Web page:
It depends on if you have any tearing.  So you need to let any tearing or episiotomy scar tissue heal well because it’s going to be way too uncomfortable if you still have stitches in there or if you have an open wound.  With a fissure, I find the open wound is opposite of where the tension is.  So if you have a sense of where the pain is in your rectum as you’re having a bowel movement, try assessing the opposite side of that circle and seeing if you can release that tissue.  That can help because it’s a circle muscle.  It all needs to open up evenly to allow the stool to come on out.  When we have those knots, that knot area can’t open up as freely, so the opposite side has to open up more.  Something’s got to give in order for that stool to come out, and that’s why tears open is because too much pressure is happening there because the opposite side can’t open as well.  So releasing that allows that sphincter muscle to open up more evenly, and it takes the strain off that open wound.  And that’s what helps it to heal.

But I’m saying if you tore vaginally and you had an episiotomy, wait for that tissue to heal before you go messing around in it.  But if you have a fissure and an open wound, you want to try to work with the anus outside prior to having bowel movements to help that to heal.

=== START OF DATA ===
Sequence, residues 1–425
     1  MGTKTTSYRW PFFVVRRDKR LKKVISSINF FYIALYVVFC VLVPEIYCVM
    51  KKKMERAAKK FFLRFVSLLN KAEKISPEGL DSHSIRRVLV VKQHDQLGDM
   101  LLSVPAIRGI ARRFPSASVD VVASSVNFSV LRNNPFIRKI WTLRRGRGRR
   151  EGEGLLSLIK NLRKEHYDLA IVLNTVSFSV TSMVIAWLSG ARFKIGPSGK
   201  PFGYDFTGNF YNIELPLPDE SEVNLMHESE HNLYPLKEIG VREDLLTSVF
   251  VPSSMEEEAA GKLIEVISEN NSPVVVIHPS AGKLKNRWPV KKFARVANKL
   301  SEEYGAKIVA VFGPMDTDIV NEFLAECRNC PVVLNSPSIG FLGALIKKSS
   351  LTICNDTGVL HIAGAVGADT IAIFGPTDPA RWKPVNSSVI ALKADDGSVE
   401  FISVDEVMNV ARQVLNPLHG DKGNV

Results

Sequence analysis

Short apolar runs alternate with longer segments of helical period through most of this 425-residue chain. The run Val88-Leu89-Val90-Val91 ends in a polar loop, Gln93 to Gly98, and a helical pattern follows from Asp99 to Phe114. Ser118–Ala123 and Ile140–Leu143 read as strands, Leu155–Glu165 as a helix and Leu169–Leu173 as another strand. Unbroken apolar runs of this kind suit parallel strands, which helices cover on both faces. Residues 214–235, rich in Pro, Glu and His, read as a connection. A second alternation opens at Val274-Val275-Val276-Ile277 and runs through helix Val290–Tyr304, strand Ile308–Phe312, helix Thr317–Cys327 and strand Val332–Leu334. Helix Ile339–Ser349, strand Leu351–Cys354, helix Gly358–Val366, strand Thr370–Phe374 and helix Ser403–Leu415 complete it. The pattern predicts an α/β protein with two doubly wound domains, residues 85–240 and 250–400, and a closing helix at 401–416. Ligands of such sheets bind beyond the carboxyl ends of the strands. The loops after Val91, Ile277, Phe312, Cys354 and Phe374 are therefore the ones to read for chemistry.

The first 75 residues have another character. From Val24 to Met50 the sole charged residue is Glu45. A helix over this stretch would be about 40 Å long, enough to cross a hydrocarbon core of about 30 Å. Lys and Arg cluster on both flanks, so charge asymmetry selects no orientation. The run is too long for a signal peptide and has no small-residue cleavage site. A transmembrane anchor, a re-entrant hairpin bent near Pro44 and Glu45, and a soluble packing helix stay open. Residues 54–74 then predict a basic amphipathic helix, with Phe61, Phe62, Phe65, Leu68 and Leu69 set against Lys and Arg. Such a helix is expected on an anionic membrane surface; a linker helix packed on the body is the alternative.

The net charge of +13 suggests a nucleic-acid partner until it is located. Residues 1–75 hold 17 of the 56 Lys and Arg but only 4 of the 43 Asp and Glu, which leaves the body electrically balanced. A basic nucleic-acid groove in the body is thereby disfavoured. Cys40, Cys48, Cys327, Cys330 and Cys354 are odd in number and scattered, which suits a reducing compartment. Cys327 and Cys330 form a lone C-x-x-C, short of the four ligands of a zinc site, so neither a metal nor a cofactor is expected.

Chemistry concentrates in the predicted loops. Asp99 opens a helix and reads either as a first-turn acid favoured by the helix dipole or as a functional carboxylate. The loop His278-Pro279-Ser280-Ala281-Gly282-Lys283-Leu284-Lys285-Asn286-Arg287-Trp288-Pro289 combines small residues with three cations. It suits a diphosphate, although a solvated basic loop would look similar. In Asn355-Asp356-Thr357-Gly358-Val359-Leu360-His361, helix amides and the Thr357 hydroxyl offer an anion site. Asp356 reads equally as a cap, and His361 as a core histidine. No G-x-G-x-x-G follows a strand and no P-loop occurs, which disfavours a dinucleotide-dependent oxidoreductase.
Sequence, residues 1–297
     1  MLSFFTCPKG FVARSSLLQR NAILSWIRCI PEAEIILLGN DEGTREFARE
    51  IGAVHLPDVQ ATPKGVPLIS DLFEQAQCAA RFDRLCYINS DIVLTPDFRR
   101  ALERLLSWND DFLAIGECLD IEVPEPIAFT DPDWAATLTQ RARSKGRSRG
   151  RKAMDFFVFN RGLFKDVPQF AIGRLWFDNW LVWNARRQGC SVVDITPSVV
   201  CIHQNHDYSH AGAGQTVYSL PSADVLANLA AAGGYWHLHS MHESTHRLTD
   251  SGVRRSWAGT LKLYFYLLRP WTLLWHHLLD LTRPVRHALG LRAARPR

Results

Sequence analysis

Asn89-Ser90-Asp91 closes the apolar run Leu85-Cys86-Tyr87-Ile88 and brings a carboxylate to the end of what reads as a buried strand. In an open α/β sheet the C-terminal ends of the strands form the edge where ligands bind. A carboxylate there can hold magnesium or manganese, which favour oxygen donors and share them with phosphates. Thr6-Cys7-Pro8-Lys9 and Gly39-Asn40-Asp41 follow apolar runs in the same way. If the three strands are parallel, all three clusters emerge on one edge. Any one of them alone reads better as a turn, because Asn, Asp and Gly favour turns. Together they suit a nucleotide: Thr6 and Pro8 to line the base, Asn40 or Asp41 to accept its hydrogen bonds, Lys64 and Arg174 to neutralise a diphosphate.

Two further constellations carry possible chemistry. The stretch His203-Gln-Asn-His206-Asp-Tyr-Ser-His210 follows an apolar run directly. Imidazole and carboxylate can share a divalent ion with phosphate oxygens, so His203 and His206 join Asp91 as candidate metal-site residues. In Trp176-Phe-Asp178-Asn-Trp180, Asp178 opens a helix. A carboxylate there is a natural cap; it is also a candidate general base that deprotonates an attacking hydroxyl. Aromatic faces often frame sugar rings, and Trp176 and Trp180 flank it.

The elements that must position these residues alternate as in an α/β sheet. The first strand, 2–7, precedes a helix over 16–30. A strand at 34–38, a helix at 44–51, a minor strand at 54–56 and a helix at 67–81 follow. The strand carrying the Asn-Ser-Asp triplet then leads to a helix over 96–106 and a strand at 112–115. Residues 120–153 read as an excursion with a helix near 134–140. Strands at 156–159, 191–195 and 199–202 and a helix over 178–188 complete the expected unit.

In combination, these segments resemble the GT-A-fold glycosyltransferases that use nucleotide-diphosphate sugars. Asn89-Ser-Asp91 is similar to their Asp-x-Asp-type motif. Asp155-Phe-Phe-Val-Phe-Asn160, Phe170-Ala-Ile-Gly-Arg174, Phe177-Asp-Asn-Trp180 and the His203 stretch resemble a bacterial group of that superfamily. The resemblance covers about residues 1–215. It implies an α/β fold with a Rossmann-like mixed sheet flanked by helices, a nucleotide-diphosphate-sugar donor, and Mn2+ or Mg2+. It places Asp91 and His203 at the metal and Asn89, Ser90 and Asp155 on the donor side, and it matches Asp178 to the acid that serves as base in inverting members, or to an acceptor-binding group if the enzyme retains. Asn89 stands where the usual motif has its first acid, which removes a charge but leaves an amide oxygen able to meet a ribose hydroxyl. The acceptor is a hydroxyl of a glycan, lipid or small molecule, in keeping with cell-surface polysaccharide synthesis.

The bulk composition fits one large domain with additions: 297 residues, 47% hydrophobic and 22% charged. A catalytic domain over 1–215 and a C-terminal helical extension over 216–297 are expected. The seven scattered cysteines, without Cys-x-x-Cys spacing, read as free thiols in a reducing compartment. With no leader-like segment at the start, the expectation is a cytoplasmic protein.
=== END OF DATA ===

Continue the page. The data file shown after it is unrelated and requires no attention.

Okay.  Thank you.  Any other tips or healing conditions that we didn’t discuss?

Oh, there’s so much.  There’s diastasis recti, and you need to release the oblique muscles for that.  There’s an oblique release that needs to happen to help speed up the healing of diastasis.  And then understanding how the belly gets messed up from birth – all that is covered in my Confidence in the Core, Floor, and More course.  That course is designed for moms, so you guys can check that one out.  All the other courses on my website are for practitioners.  But that has a ton of information in it that can help you understand why your body is being the way it is and what you’re experiencing.  And that Confidence in the Core, Floor, and More online course is appropriate for anyone to take.  There’s more information there.